Television and radio news programs used to boast, with some legitimacy, that they were the definitive sources for news “first”; if a story was breaking, they were your best bet for timely and accurate reporting. Of course, the primary determinant of just who is “first” with the news is the delay caused by an outlet’s production requirements — stories need to be written and filed, newspapers need to be printed and distributed, television needs to be shot and edited, etc. It doesn’t matter how many reporters there are on the ground, it’s the lines of communication between reporter and news consumer that matter.

Last night, as the coalition’s ETS party room meeting stretched into its eighth hour, there were hordes of people around Australia desperate to know the outcome of their ETS debate along with the status of Malcolm Turnbull’s leadership. But where to turn? The newspapers were 18 hours old and the new ones six hours away, there were no up-to-date stories on the papers’ websites, and there was nothing on the telly for non-cable subscribers (after 7.30 Report finished).

Thank goodness for Twitter.

Throughout last night’s political drama and excitement, on Twitter via iPhone and BlackBerry from the halls of APH, were several of the nation’s leading mainstream media political journalists tapping away at their micro keyboards to ensure that the Twitterverse was the most informed cohort of political observers in Australia. Thanks to Twitter and those social media-savvy journos, thousands upon thousands of Australians learned about the goings-on in the opposition party room literally hours before anyone else, making (for a short while at least) traditional news channels redundant.

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And not only were these front-line political journalists talking directly in real time to news consumers without any editorial filter, the consumers were talking back and the journos were listening; there was a conversation instead of a monologue. It’s turning into a bit of a cliche for those of us who endlessly spruik the benefits of well-used social media, but the genuine bi-directionality of the communication on display last night is a shining example of how journalism and media are changing, no matter how much some industry dinosaurs wish it wasn’t.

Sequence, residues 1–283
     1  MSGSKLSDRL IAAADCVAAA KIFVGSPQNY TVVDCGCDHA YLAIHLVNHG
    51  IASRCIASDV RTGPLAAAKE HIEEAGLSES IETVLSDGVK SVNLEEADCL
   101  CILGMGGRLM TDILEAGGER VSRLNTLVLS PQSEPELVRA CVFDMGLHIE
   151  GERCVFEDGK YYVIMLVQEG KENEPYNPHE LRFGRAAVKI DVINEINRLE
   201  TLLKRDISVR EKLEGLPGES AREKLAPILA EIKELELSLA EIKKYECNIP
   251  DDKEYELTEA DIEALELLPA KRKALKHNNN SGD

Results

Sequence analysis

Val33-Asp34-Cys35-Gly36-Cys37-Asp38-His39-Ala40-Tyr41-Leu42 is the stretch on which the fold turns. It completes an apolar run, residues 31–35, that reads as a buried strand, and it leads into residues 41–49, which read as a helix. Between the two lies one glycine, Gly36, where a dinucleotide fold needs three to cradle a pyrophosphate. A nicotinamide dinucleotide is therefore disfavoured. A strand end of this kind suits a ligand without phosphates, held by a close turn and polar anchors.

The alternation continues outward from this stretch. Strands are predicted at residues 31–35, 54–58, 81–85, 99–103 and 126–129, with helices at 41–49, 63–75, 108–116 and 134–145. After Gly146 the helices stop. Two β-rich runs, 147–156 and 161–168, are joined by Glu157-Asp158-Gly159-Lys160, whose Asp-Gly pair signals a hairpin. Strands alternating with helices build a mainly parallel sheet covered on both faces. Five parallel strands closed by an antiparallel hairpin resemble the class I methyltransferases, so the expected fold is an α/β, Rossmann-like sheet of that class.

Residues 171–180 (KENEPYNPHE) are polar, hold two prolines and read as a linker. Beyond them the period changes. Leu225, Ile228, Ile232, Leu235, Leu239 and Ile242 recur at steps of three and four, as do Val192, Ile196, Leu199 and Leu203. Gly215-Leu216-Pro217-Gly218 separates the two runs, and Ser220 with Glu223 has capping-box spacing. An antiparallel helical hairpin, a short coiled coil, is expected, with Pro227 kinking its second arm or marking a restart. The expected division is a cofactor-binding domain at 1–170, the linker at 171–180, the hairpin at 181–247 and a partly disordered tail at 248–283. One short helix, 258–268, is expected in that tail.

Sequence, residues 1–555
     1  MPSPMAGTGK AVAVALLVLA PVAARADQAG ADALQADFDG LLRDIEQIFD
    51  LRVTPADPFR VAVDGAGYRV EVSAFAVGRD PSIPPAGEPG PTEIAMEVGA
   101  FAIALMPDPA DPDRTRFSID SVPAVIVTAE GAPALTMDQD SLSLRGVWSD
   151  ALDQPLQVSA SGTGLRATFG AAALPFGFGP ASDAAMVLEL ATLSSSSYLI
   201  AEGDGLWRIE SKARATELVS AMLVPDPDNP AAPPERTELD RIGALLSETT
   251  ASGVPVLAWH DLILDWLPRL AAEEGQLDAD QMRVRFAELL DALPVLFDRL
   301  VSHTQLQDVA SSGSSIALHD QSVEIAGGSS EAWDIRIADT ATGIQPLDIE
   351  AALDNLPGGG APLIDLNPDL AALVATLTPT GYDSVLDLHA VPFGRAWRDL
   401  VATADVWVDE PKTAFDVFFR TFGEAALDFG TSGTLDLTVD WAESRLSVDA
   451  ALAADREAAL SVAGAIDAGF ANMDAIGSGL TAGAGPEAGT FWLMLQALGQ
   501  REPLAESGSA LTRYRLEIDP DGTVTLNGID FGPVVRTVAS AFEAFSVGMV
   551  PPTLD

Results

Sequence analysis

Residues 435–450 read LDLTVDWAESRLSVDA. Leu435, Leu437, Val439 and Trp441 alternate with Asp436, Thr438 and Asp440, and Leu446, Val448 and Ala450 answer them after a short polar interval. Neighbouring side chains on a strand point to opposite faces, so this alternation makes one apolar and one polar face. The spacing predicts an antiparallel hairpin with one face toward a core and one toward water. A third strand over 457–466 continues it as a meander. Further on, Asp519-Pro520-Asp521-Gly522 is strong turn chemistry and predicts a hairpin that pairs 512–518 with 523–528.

This is the kind of interaction that builds a relationship and trust between news brand and news consumer, and ultimately makes the consumer more willing to pay for the brand. As one Twitterer said this morning: “somewhat oddly I think I’d more likely pay for the tweets of some journos than for the paper they write for.” Something to chew on for those large media organisations wondering how to convince their consumers to hand over cash for content.

Of course, the considered analysis of last night’s events will be delivered to consumers today via more traditional news channels and with the necessary time delay, and it is in this space that traditional news outlets will continue to serve an extremely useful purpose. But like it or not, Twitter and other social media, along with their users, are now an integral part of the portfolio of sources and mediums that inform a well-rounded news consumer and there’s not much anybody can do about it.

I subscribe to Crikey because I believe in a free, open and independent media where news and opinions can be published that I can both agree with and be challenged by.

As a Crikey subscriber I always feel more informed and able to think more critically about issues and current affairs – even when they don’t always reflect my own political viewpoint or lived experience.


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